didUpdateWidget()—Called when there are changes to the parent widget changes the widget is forced to redraw its own UI
deactivate()—Called when this object is removed from the tree
dispose()—Deallocates memory for the widget and its state

When Flutter builds a page, it calls the widget’s build method. The main job of the widget is to provide a build() method to describe how to build the UI interface (usually by combining and assembling other basic widgets).

return build()

  • The return of the build() method should be a type Widget, and method build() accepts a required parameter of type BuildContext – even if you don’t actually use that variable inside, you still need to have it as a parameter.
  • The method build() returns a widget called MaterialApp.


  • The home widget will be defined by another widget type called Scaffold.
  • Scaffold is a page scaffold provided in the Material library. It provides a default navigation bar, title, and body attributes that contain the home screen widget tree (same as “component tree”). The widget tree can be very complicated. In the examples later in this book, routes are created by Scaffold by default.

choose child / children:
When It Comes to layouts, We Can Divide Them Into:

  • Widgets that hold only a single child, e.g. Container, SizedBox, Expanded, Padding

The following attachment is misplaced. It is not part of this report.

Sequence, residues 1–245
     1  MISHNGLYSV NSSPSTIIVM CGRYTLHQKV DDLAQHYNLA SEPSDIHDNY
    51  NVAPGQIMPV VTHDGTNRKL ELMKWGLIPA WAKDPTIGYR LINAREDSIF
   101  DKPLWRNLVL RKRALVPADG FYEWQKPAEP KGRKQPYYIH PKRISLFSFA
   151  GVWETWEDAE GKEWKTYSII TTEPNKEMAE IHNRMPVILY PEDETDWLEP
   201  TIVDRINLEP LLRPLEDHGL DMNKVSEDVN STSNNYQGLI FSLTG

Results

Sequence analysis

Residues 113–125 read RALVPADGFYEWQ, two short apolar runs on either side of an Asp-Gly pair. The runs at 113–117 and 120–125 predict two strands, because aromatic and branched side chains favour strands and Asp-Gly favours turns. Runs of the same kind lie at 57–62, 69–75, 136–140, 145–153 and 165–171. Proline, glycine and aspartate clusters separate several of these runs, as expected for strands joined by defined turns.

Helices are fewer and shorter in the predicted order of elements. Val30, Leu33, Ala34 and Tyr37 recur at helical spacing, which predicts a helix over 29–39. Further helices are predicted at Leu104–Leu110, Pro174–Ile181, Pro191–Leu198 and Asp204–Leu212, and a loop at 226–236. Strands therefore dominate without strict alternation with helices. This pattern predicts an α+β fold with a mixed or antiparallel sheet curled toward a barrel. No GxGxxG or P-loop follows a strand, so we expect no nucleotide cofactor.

• Widgets that can have multiple children, like: Row, Column or Stack

This Stateful Widget MyHomePagetakes a constructor containing a key and a title. Here, the title is passed on from the previous class. You can see that the String title is marked final, this is done because the fields in a Widget subclass are always marked final if you do not mark this as a final you will get a warning.
Now, we have the overridden createState method which returns the instance of the class_MyHomePageState.

BuildContext is the part of the widgets in the element tree such that every widget has its BuildContext. We primarily use it for getting a reference to another theme or widget. For instance, if we have the material design element, it is needed to reference it to the scaffold. We can retrieve it through the Scaffold. of(context) method.


  • setState is one of state management pattern in flutter.
  • Calls setState() to update the UI. If remove the setState can not data refresh your screen.